TWWRM Part 1 – The Women Who Managed Me

I never understood women in the workplace. My mom was a stay at home mom until I was about 13, then worked a pretty flexible full time job. She was able to come drop us off at school and come get us. I never understood my friends whose moms didn’t get home until 5 or 6, that’s usually what time we were sitting around the table for dinner. I was always told career and working was very important, and I was empowered to do and be anything I wanted. I just didn’t know what that looked like .

I’ve worked for multiple women post-college but always with a male boss above them (sorry ladies – it’s true). I’ve watched lady bosses be manipulative and emotional, but also smart and strong. Most of all, I’ve seen some of my lady bosses hate their job. I kind of started to think that that was normal. That you’d never like your job, but that you were expected to kill your physical, emotional, and mental health for it. I thought it was totally normal to daydream about a vacation just so you didn’t have to come to work.

But the biggest turning point in my career happened when a boss of mine actually left a report to her boss (a dude) that said “her inability to write quality content is a hindrance to the process” – in reference to me (I still have the photos of it). This workplace was particularly toxic, and I had already started looking for another job. Luckily for me – they fired me a couple of days later (hello unemployment benefits!). For the record, writing content was absolutely not what I was hired for, especially for the industry that that job was in.

It was then that I realized, that I value myself WAY more than to let anyone treat me like that. I realized that I’d rather scrape by and work multiple jobs than be treated or thought of in that way ever again. I finally found self-worth in my career. I felt so free when I decided to stop letting other people judge abilities that I never claimed to have. I didn’t realize it until months later but that moment raised me.

Through my 7 jobs out of college, being fired a couple of times, and having multiple lady bosses, here are 5 things I’ve learned:

  1. Your APPEARANCE should not dictate how people treat you. How you choose to dress, wear your hair, or keep your face should absolutely not dictate how you are treated. I actually didn’t know what to say once when I was told I was hired because I was “cute” or “young”. Work for a company that values your brain, your contribution, and your skills.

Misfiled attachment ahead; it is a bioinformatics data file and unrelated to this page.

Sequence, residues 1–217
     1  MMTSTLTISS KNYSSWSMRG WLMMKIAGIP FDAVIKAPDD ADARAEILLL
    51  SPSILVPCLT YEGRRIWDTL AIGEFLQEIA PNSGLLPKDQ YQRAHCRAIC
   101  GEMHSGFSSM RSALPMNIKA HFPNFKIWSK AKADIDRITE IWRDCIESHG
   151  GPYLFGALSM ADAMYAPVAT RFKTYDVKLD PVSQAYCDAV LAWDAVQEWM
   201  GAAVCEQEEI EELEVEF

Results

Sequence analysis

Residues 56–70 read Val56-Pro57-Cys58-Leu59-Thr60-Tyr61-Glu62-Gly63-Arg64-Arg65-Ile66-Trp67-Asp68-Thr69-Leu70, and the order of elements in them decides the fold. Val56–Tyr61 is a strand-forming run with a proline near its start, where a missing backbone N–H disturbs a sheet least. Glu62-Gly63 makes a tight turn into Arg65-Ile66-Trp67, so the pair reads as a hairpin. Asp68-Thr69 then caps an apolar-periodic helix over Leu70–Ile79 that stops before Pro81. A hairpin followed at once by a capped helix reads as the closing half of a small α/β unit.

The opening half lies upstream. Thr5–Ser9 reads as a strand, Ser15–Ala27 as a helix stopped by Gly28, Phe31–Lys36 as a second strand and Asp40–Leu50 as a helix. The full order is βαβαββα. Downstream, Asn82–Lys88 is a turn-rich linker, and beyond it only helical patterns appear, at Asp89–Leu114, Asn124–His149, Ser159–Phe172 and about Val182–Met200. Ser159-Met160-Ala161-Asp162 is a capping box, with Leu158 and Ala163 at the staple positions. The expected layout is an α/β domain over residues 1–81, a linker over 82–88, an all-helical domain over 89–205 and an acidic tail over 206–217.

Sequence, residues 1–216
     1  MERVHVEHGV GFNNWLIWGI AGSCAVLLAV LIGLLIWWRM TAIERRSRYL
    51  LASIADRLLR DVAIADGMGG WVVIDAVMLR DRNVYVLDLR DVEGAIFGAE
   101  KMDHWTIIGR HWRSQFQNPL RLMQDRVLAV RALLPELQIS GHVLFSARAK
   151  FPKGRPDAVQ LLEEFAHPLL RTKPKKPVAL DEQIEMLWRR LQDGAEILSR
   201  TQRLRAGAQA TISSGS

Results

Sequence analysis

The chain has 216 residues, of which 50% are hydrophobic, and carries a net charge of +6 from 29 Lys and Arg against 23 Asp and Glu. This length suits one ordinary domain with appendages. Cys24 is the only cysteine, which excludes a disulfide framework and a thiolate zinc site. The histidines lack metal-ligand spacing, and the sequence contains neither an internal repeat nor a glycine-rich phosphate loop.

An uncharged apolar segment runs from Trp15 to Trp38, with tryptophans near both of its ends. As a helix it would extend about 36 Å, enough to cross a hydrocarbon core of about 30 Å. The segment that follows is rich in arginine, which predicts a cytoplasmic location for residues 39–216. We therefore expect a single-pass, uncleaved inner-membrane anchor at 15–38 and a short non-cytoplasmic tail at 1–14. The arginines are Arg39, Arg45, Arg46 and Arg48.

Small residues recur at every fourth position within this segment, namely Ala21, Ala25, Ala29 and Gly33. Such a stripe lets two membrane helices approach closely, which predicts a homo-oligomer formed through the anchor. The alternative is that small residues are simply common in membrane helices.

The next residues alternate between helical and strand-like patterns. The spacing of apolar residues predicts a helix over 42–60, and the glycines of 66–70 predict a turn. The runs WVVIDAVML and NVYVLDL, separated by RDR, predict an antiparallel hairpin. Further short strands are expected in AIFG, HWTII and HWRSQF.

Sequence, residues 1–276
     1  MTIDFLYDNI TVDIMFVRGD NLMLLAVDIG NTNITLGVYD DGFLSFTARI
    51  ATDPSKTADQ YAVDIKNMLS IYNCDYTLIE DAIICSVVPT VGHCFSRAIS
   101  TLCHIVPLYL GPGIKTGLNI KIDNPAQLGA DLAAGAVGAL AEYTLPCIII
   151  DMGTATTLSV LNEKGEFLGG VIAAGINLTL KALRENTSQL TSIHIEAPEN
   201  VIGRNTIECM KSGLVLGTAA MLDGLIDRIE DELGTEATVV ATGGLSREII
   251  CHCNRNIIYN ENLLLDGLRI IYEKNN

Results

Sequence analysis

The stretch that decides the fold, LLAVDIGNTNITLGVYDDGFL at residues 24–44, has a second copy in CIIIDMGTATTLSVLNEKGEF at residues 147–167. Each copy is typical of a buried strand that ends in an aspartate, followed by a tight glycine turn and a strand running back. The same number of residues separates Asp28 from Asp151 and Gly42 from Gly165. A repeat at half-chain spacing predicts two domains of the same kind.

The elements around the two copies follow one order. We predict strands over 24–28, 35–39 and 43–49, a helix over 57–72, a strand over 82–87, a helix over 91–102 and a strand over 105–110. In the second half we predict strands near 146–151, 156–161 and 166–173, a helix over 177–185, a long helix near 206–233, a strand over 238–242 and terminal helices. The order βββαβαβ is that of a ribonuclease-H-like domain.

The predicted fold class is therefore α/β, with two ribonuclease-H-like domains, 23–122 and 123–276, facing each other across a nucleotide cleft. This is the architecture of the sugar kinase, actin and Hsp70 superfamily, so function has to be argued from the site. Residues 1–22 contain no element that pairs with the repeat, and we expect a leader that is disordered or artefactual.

2. Calmly and intelligently tell people you work with or for to fuck off. Obviously not using those words because that isn’t professional in any regard. You can express that you don’t agree with someones words or actions without being rude or crass. Something as simple as “I don’t like the way you just expressed that because it’s disrespectful” in a calm way will ALWAYS go farther than gossip or high levels of emotion.
  3. QTIP – sounds weird right? It stands for Quit Taking It Personally (can’t take credit for this one!). Once you release the tie between your job performance and your self worth, you feel SO FREE! It is more than likely that there are a ton of factors that dictate your job performance that are outside of your control. The only thing that you can control is your own job performance, and it you feel confident that you’re doing the best you can do, then focus on that and leave the rest at the door.
  4. LIFT UP your other female coworkers!!! We grew up in a society that thought you had to claw your way to the top and take down anyone that got in your way. Movies like The Devil Wears Prada and Legally Blonde taught us that to get to the top, we had to be bitchy. That is NOT true, be the coworker or boss that empowers other women to collaborate and work together. Truly 2 brains are better than one in every situation ever. Your female coworkers and bosses do not just exist to tear you down.
  5. STOP saying “I think”, “I guess”, or “but I’m not really sure” at the end of a sentence. Be secure and firm in your recommendations and thoughts. If you don’t feel secure enough to avoid these words of doubt, then put more thought into your idea. We are taught as women that we need to leave things open ended just in case we are wrong. Here’s the deal, it’s better to be wrong on a well thought out and supported recommendation, then to be flimsy and unconfident.
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